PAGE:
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Institutionalization Interrupted: The Evolution of the Field of Philanthropic and Nonprofit Studies

Tue, July 13, 3:15 to 4:15pm, Virtual 2021, 6


As an academic field, philanthropic and nonprofit studies (PNS) has reached a degree of maturity and acceptance in academia. At the same time, however, the field’s real level of institutionalization and the desirability of such an institutionalization is unclear (Mirabella, Hoffman, Theo, & McDonald, 2019).

An increasingly sophisticated body of literature has analyzed the field of PNS. Scholars have investigated the field’s origins (Hall, 1992), detailed paradigm shifts in knowledge production (Ma & Konrath, 2019), journal content (Bushouse & Sowa, 2012) and dissertation focus (Jackson, Guerrero, & Appe, 2014), described the growth of academic programs and their impact (Mirabella et al., 2019; Weber & Brunt, 2019; Kuenzi, Steward, & Walk, 2018), and analyzed infrastructure organizations (Ashcraft, 2015; Smith, 2013). Despite this large and growing body of knowledge, the question of institutionalization and disciplinary independence, which was at the center of concerns of an earlier generation of scholars and academic entrepreneurs (O’Neill & Young, 1988; O’Neill & Fletcher, 1998), has faded today. The withering of the best-place debate in current discussions (Mirabella & Wish, 2000), which specifically addressed the question of disciplinary autonomy, is symbolic of this change. Recently, only Mirabella et al. (2019) explicitly addressed this question, using institutional location of academic programs as a starting point.

This paper directly addresses the institutionalization question. It moves beyond Mirabella’s focus on academic programs and their institutional location by integrating cognitive characteristics, institutional structures, historical context, and access to resources in the analysis. In so doing, it highlights similarities in the development of PNS with the more general growth of scientific fields, as posited by Frickel and Gross (2005) and Hambrick and Chan (2008).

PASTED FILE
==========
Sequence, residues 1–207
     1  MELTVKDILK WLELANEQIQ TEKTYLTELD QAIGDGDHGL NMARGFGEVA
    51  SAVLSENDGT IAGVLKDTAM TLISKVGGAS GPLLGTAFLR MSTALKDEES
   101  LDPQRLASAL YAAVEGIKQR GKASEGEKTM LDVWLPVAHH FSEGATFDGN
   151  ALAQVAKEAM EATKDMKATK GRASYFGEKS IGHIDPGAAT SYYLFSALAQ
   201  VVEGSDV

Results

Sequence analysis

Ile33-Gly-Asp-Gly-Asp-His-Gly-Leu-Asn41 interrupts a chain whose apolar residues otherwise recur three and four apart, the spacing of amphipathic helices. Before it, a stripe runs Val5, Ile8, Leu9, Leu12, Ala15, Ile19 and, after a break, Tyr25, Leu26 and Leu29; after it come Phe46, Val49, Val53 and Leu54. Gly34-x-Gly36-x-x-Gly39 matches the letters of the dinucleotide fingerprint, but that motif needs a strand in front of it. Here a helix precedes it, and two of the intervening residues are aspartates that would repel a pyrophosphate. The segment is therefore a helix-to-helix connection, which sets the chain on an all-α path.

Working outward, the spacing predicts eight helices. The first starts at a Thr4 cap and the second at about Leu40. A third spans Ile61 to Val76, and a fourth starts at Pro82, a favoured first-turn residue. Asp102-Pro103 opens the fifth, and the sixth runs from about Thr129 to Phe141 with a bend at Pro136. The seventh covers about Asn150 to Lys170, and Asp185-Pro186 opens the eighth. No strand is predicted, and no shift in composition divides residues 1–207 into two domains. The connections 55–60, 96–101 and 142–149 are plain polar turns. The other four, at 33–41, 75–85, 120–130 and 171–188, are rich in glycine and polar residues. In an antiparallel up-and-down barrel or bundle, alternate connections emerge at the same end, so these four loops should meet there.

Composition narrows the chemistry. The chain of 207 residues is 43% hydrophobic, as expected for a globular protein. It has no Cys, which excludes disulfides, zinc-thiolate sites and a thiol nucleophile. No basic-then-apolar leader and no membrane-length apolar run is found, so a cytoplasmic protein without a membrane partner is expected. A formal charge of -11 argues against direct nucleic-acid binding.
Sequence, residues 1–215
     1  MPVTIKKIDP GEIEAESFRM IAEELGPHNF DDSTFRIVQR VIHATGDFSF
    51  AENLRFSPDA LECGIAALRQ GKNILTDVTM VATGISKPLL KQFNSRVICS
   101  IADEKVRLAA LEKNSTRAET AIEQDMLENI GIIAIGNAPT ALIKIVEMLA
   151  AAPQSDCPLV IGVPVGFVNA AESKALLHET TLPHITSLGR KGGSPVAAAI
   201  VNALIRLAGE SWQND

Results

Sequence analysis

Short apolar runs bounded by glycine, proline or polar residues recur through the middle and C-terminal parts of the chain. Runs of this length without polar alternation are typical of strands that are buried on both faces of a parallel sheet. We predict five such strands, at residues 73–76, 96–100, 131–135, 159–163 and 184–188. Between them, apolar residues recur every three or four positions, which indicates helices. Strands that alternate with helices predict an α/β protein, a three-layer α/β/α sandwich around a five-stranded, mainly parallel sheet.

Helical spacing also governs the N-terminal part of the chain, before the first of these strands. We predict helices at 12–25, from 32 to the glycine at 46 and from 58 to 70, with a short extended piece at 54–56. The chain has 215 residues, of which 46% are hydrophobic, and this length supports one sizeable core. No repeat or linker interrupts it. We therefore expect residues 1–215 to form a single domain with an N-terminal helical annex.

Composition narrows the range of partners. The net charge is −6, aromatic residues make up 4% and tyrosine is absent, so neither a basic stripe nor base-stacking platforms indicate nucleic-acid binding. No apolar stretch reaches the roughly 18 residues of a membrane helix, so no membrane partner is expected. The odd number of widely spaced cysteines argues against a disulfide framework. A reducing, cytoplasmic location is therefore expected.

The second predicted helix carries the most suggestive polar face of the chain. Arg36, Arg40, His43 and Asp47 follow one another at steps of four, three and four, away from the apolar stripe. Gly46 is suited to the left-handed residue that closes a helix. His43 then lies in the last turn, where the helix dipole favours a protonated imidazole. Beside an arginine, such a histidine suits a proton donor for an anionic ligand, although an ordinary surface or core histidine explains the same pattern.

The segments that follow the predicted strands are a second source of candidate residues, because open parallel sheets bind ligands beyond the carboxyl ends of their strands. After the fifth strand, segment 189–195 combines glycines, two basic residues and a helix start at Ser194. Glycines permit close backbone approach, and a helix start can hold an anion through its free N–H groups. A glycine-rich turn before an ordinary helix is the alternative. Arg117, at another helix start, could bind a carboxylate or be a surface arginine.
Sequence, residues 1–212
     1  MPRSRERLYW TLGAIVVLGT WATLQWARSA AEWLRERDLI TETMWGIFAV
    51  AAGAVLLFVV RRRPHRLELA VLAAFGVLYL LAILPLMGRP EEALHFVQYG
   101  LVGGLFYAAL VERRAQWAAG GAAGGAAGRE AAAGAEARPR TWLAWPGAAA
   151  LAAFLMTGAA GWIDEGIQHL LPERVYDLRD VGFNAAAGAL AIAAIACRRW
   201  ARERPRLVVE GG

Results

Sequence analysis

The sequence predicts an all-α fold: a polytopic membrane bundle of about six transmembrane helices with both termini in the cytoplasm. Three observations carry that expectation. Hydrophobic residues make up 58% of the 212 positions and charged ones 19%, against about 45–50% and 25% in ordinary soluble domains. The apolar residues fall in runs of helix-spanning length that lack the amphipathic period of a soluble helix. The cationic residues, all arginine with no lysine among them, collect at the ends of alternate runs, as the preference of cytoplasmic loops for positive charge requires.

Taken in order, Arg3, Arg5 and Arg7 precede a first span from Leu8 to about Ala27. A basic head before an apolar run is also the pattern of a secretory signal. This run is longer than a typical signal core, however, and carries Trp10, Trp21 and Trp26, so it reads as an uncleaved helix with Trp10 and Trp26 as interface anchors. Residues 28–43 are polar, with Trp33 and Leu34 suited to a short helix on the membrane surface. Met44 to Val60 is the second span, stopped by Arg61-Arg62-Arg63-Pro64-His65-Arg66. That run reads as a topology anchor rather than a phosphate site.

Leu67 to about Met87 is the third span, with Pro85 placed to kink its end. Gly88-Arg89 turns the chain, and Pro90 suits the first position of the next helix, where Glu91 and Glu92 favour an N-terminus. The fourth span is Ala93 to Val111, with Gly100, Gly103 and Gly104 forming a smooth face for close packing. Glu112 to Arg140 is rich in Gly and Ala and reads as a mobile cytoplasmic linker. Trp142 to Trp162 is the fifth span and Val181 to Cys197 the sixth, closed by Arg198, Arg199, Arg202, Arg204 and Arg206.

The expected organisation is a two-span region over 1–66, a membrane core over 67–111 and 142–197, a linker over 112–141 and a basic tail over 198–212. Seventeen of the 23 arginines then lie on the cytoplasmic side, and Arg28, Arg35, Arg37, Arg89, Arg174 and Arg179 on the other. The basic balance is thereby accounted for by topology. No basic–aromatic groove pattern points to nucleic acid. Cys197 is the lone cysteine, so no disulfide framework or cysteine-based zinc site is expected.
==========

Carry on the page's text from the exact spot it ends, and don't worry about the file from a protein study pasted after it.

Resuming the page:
Drawing on these models, the paper develops a history that highlights the interplay of differentiation, mobilization, and legitimization in the field’s evolution and identifies institutional forces that have both supported and hindered the institutionalization process. Changes in access to funds and institutional entrepreneurship challenge the field’s full institutionalization. External funders (e.g. W.K. Kellogg Foundation, Atlantic Philanthropies, and Packard Foundation) supported and legitimized academic entrepreneurs in a phase of growing differentiation, mobilization, and legitimization; when these initiatives with a national focus ended, academic units and programs struggled in leveraging additional funds and were often re-integrated in traditional university structures. Additionally, with the increasing legitimacy and growth of the field, the spaces for academic entrepreneurship, which had driven the emergence of the field, narrowed as the reintegration of academic units within university structures came with a loss of independence and flexibility.

While the analysis focuses primarily on developments in the US, it raises broader questions that go beyond changes occurring in only one nation or region. Three broad questions emerge around the effects of this, although incomplete, process of institutionalization. First, it raises the question of a widening the gap between academia and practice; second, it may have a homogenization effect, decreasing the field’s diversity, innovativeness, and interdisciplinarity; and third it may have a hegemonic impact, as US and more broadly Anglo-Saxon theoretical approaches and interpretative models dominate the field.


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